Chris Under Fire.
Attorney Rowell, for the Mississippi Valley Trust Company, then began his cross-examination. The opening questions were of such little importance and of such a humorous kind, that Chris blurted out, "What are you trying to do, make fun with me?"
According to Von der Ahe's figures, Spotsman's Park and Club was indebted to him to the extent of over $100,000. He had at different times, he stated, asked the different stockholders to contribute their share to the expenses according to their holdings, but they had always refused, and he was forced to advance the money himself, in order to keep the club on its feet. Accordingly the corporation was indebted to him to the amount above named.
He had attended, with few exceptions, all the meetings held by the present twelve-club League, as well as the old Association, and had always been recognized as the representative of the St. Louis Base Ball Association. Von der Ahe admitted that the lease on the old grounds, as well as on the present home of the Browns, was in the name of Sportsman's Park and Club. He added that during his connection as president of Sportsman's Park and Club he had not drawn more than $5000 a year, which represented the salary paid him as the executive officer. He never drew more than that, he said, except when he sold players, whom he considered his individual property. He pocketed in 1887 $28,000 in this way. All the receipts collected from every source were deposited in the Northwestern Savings Bank to Von der Ahe's private account.
Squirming Out Of A Corner.
The case of ball player Newell against Von der Ahe to recover salary due him was referred to, and Chris was asked to explain how, in defending the suit, he had permitted the affidavit of his son, Edward Von der Ahe, to be introduced to the effect that the St. Louis Base Ball Association was all a myth. "Der Boss" replied that his son was under age at the time the affidavit was taken, and that he had no right to testify and that it was done without his knowledge or consent. He, himself, he stated with emphasis, had made no such statement at that or any other time.
The Two "M's" In Evidence.
A letter in the handwriting of George Munson, who was Von der Ahe's secretary at the time Newell brought his suit, was next shown. It was addressed to Colonel Rogers, and signed by Munson "Chris Von der Ahe" stating that Newell's suit was not brought properly, as there was no St. Louis Base Ball Association. This was disposed of by Von der Ahe saying that Munson had no authority to sign his name to any communications.
At the last hearing of the case, Muckenfuss, who was a bookkeeper in Von der Ahe's employ at the time Munson was his secretary, and who afterward succeeded Munson to the secretaryship, stated, while on the witness stand, that Munson often signed Von der Ahe's name to business communications, and that he had heard "Der Boss" give George that authority on numerous occasions.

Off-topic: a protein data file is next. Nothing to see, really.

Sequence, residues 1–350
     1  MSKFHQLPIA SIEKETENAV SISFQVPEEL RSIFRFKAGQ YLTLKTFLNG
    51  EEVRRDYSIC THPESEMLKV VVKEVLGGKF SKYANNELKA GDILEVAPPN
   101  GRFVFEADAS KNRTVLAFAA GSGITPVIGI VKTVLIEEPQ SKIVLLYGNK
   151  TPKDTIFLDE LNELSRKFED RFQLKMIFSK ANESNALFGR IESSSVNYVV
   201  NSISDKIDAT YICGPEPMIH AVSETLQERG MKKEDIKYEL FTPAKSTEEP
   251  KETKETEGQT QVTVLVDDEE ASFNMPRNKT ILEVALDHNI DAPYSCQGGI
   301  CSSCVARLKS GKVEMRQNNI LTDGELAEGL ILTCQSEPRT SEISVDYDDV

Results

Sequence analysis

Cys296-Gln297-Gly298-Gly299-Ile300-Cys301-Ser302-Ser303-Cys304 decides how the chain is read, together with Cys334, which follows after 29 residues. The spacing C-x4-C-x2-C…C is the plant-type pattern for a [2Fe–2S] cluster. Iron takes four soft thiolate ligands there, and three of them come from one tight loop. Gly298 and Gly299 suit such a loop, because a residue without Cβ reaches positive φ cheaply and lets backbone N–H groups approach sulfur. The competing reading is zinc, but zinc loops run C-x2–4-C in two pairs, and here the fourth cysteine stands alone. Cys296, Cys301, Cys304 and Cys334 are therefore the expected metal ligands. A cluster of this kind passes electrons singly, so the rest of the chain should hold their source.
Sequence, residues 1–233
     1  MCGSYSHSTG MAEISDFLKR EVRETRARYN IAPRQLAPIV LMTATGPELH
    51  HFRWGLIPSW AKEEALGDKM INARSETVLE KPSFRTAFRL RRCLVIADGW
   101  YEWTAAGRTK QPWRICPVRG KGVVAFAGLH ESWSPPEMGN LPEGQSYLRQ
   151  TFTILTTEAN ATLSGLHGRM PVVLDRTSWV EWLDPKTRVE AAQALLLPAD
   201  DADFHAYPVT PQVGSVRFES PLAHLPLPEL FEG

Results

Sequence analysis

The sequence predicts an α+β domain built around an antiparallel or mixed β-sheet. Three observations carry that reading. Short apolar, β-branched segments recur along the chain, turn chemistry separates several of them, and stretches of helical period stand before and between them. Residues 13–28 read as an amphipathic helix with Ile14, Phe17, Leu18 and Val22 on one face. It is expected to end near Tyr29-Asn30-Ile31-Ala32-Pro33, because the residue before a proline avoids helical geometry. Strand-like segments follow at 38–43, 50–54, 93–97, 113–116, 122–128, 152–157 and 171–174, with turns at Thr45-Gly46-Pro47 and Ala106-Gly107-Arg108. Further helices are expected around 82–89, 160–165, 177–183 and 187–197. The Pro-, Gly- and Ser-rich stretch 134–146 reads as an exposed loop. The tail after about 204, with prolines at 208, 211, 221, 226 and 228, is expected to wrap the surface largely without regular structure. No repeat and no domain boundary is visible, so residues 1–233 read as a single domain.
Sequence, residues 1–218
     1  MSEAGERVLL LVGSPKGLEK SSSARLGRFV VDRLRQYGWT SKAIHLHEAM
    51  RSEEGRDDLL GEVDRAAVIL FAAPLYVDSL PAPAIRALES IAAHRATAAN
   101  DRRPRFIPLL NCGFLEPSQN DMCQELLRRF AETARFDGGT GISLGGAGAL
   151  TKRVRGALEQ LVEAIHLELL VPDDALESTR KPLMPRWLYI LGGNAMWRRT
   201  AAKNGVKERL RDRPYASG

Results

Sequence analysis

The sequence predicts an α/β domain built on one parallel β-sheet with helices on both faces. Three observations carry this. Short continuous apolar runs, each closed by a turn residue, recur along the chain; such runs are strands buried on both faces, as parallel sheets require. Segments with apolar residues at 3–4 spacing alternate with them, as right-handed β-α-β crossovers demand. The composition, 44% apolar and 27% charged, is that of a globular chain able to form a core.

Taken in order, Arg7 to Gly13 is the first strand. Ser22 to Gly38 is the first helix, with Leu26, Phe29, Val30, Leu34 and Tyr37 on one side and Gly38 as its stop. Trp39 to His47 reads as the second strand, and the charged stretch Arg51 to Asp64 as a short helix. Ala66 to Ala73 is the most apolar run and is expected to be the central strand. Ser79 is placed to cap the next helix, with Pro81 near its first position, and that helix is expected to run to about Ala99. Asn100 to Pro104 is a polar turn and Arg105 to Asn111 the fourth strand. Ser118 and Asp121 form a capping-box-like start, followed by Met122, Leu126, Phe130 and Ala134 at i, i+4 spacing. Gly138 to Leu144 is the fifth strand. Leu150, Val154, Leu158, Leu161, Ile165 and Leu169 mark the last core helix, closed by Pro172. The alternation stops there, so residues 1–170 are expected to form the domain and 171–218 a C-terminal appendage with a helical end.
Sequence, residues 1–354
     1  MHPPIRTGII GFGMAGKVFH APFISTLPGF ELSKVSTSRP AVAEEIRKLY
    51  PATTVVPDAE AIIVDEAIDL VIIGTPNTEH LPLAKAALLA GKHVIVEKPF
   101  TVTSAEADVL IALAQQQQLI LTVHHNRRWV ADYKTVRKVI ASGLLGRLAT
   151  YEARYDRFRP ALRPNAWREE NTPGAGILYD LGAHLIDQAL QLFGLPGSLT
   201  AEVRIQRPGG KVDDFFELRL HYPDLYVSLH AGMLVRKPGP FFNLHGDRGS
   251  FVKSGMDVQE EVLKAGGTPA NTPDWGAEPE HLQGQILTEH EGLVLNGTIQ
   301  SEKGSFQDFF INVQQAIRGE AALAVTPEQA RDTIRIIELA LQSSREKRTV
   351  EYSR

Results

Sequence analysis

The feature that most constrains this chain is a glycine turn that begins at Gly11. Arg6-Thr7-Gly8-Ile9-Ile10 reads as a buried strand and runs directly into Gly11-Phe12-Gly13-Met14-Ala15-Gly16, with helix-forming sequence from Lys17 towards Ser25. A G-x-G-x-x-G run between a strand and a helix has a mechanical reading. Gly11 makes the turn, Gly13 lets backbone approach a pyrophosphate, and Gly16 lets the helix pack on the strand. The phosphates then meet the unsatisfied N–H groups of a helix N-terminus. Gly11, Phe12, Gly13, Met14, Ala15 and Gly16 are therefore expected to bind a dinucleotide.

Some Other "Franchises."
Von der Ahe was asked to place a value on the "franchises" owned by Sportsman's Park and Club. He replied that the "bicycle franchise" was worth $10,000, the "beer franchise" almost as valuable, and other "franchises" worth considerable. In answering to what the "beer franchise" consisted of, he said the privilege of getting beer and ice from a local brewery, the one he patronized. He denied that on August 6, 1898, he had made the remark to E.C. Becker that his base ball franchise belonged to Sportsman's Park and Club. He added that in 1891 that corporation owed other parties, besides himself, upwards of $38,000.
The strain was too much for Mr. Von der Ahe, whose irascibility is noted. He was decidedly excited before his cross examination concluded.
-Sporting Life, January 28, 1899
The flip side to that, of course, is VdA's contention that the club owed him $100,000. It's ludicrous. He wasn't putting money into the club; he was taking it out. When the club was struggling financially, he wasn't putting money into the club because he didn't have that kind of money to put into it.
One of the reasons the Muddle is so difficult to sort out is because it's almost impossible to separate the club's finances from Von der Ahe's personal finances. We've seen testimony during the hearing that implies the two were one and the same. When VdA went bankrupt, the club went bankrupt. Or vice versa. When the club stopped being profitable, Von der Ahe lost his most important source of income. He was able to juggle his complicated personal finances with the constant influx of cash the Browns brought in but once that cash flow dried up, he was no longer liquid enough to operate the club and stave off the creditors.